Standfirst: Survival of New Zealand’s democracy faces unprecedented threats over the next thirty years: (a) Risks from systemic global economic instability (b) Major upheaval from adaptation (or not) to climate change (c) Dislocation arising from automated and intelligent machines.
A Kiwi characteristic that could severely impede our capacity to respond, is the complacency of “she’ll be right.”
Actually, it won’t be! Democracies need to be nurtured and supported – or risk having them turn into something else.
Four Critical Steps
There are four critical steps to shore up our democracy and sustain it.
Use the Public Service Bill to encourage open government: Firstly, treat the proposed changes to the State Sector as a future-proofing process.
The commitment of Government to improving transparency is also a core tenet of Open Government. The intention is to modernise the Public Service to tackle interdependent challenges in an integrated manner.
But there is a missed opportunity if the Bill fails to give impetus to a much more dynamic relationship between Government and the public – one which requires far more commitment to citizen consultation and engagement than is currently accepted in the Bill’s background documents.
Overhaul the Official Information Act 1982: Secondly, overhaul the OIA, which predates the digital transformation in online communication and data storage. There are many issues to consider while evolving a freedom-of-information regime to a digital environment.
The current mentality of interpreting Open Government as a largely passive concept should change. It will be necessary for agencies to redirect, and even shepherd, requests through the OIA process.
Educate to discern the truth: The confluence of our reliance on social media, the value of accessing big data, and, the potential for manipulation of our biases, all conspire to exert undue influence over our individual view of the world.
Overseas experience with manipulation of voters’ social media, questions the extent to which an election can now be considered “free and fair.”
So, it is critical to make a conscious effort to educate New Zealanders about how to discern what is “truth’ – what is fact versus perception – and how to verify or assess trusted online sources. It is essential to raise awareness of the implications of how algorithms work and their potential to influence our technology content and use.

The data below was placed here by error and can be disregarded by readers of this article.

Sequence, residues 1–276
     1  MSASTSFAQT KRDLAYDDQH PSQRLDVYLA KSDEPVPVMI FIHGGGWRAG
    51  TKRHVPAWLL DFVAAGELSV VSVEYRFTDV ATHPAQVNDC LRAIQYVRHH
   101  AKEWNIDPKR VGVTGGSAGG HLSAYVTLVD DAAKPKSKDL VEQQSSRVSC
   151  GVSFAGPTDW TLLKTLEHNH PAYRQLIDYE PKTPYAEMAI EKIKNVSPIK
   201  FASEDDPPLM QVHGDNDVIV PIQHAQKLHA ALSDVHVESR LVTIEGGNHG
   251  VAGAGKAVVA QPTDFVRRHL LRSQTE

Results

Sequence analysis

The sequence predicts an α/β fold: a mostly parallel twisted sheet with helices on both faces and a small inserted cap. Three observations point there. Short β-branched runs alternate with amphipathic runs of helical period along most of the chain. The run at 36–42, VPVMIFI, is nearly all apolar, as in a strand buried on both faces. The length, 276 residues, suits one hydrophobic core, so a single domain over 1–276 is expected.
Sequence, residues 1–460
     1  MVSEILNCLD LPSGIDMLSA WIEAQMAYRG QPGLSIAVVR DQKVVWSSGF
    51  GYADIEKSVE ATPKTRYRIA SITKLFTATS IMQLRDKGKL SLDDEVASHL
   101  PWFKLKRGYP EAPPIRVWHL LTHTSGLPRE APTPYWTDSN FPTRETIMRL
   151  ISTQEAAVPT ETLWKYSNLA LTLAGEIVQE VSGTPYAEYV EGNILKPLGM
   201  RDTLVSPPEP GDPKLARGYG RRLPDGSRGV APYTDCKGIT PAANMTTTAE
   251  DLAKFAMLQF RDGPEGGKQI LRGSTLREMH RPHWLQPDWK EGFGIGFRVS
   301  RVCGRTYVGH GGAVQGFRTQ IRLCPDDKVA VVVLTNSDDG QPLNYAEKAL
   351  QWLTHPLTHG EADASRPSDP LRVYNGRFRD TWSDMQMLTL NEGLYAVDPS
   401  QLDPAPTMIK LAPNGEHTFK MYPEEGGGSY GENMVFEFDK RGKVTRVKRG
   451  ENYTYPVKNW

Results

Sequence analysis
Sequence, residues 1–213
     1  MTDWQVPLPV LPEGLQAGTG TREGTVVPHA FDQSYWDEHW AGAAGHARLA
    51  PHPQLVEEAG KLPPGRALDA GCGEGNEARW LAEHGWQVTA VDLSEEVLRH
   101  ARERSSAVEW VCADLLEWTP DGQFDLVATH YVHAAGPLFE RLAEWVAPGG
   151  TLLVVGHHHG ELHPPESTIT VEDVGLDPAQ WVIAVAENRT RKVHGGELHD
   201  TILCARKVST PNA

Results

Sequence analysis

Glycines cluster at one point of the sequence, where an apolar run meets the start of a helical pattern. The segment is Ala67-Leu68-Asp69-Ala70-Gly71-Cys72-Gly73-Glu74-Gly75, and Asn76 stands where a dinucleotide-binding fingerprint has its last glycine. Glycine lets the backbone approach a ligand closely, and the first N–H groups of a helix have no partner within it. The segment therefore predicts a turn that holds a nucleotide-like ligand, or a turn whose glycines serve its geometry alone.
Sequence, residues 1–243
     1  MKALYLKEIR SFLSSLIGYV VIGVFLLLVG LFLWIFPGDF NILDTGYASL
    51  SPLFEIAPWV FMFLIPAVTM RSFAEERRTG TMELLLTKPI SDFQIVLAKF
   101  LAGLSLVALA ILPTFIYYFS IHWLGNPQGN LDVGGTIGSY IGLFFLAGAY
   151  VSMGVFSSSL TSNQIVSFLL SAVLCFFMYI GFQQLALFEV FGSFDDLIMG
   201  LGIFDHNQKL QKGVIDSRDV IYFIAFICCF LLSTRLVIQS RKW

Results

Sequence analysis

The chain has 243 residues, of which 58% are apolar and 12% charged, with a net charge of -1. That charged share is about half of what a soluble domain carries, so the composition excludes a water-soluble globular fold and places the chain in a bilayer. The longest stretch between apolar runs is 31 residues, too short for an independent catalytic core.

Kiwi youth as Kaitiaki: The fourth imperative rests with Kiwi youth as Kaitiaki (trustees, custodians), to guard against complacency. We need a national awareness to re-invigorate and modernise the notions of civic engagement and citizenship.
Dynamic and rights-based education programmes could be designed for communities, schools and social media use, so as to “reinterpret” the application of Open Government.
The focus would be on how to engage in policy debate and acquire the tools and expertise to participate in decision-making processes.
A key objective is to emphasise the accountability of leaders to be transparent about their policies and political agendas. This could be a youth-led movement if it turned on those issues of profound significance affecting the future of the next generation.
Time to prepare our democracy for the future: While submissions to the ‘State Sector Act Reform 2018’ closed last year, the drafting of the emergent Public Service Bill can be responsive to this unique opportunity.
With objectives based on principles of full and enhanced participation, the new Public Service Act can be empowering of greater levels of civic involvement.
The Public Service Bill presents a unique opportunity to ensure that our democracy: (a) Has a strong and vibrant base, capable of carrying the people with it (b) Is built on the principles of full and enhanced participation, transparency and a revamped concept of civic engagement, namely civic activism.
Elizabeth Longworth is a Guest Author and the above article was written in her private capacity. She was a Campaigner for New Zealand’s OIA legislation in 1980s.
Parliament Buildings in Wellington (Photo Courtesy: New Zealand Parliament)